Friday, August 12, 2005

Lausanne Issue Group on Postmodern and Alternative Spiritualiites

I have followed and appreciated the work of the Lausanne Committee for World Evangelization for many years. Lausanne is an organization comprised of international network of missions organizations, missionaries, theologians, and others working together to address key challenges in the global missions task. I was especially interested in a paper produced in 1980 by a Lausanne issue group that addressed "mystics and cultists". One of the insights of this paper was that mystics and cultists warrante the classification as unreached people groups. Following the work of Ralph Winter, many in the missions community have recognized that Christ's Great Commission command was not merely to reach the nations in terms of geographical or geopolitical boundaries, but rather, to reach the ethne or people groups of the world. This necessitates an understanding of various sub-cultures where people identify with each other based upon not only a shared geographical living space and language, but also other aspects of culture, such as worldview, religious or spiritual practices, unique terminology, perceptions of reality and spirituality, and other cultural identifiers and boundary markers.

Evangelicals have readily recognized the people groups and unreached peoples of the world religions such as Buddhism, Hinduism, and Islam, and even tribal cultures, but have not so readily recognized that the new religions and alternative spiritualities should be similarly understood. This shortcoming surfaced in the 1980 Lausanne paper, in that while it classified mystics and cultists as unreached peoples, the issue group did not draw upon cross-cultural missions principles available at the time in order to apply them to these groups. And while Lausanne recognized the missions implications of new religions as far back as 1980, very few evangelicals ministering in this area followed Lausanne's lead, or worked to develop and impliment missions approaches to these groups. Indeed, in the counter-cult community in the U.S., although there has been some discussion of missions to new religions, and even those in this movement who would consider themselves missionaries to "the cults", they have really been engaged in defensive apologetic approaches rather than cross-cultural missions methodologies.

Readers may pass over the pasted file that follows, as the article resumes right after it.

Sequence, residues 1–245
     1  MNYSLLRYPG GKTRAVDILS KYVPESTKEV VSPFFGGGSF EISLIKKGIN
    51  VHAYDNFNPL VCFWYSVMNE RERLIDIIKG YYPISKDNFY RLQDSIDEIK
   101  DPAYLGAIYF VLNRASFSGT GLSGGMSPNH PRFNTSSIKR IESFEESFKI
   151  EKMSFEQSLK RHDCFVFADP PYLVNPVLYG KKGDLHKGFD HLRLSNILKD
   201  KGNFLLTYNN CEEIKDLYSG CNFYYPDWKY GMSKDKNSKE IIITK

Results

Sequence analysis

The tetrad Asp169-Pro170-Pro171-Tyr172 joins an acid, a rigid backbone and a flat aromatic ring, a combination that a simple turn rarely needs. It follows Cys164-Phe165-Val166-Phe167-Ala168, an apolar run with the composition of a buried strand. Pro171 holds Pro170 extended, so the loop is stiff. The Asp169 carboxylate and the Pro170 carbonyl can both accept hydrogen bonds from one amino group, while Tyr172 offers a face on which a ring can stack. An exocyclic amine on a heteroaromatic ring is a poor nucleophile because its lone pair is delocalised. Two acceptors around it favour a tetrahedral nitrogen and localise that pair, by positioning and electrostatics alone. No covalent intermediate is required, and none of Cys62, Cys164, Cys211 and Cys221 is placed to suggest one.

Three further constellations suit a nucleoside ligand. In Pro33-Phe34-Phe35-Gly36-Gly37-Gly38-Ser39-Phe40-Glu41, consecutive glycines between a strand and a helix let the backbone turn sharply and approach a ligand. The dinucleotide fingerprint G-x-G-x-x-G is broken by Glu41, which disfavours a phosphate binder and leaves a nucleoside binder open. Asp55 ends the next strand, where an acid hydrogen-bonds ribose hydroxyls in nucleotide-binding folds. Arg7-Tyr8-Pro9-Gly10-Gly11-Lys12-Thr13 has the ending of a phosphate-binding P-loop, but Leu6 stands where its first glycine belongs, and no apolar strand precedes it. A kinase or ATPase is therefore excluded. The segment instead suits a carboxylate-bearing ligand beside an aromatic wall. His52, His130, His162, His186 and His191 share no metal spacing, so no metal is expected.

I have been in contact with Lausanne for several years, and in 2003 was asked to participate in a Theology and Strategy working group meeting in southern California. This group was fine-tuning the issue group needs and subjects for the 2004 international Lausanne gethering meeting in Thailand. Eventually I submitted my application for the 2004 gathering and participated in Issue Group 16 addressing postmodern and alternative spiritualities. Our group met in Pattaya in October of 2004, and we produced one of the more extensive and "boundary pushing" papers. We began with the insights of the 1980 issue group and paper, and then moved to addressing its shortcomings, and then discussed incarnational missions strategy and how it should be applied to new religions (moving beyond counter-cult heresy refutation approaches), which was demonstrated in a handful of case studies. The paper also includes a significant bibliography, and recommendations to various segments of evangelicalism.

It was a privilege to work with this issue group, and to gain an international perspective on alternative spiritualities. We are currently planning a mini-consultation in Hong Kong for 2006. Those interested in postmodern spirituality in the West will be interested in our issue group paper. It is available on the Lausanne website (the link is included in the sidebar of this Blog. A 90-page paperback copy in book(let) form is also available. Contact me for more information if interested.

As we reflect on the gap in missional thinking and activity in regard to alternative spiritualities between 1980 and 2004, what might our missions efforts look like 20 years from now (should the Lord tarry) if we reflect on and apply the insights of incarnational missions in 2005?

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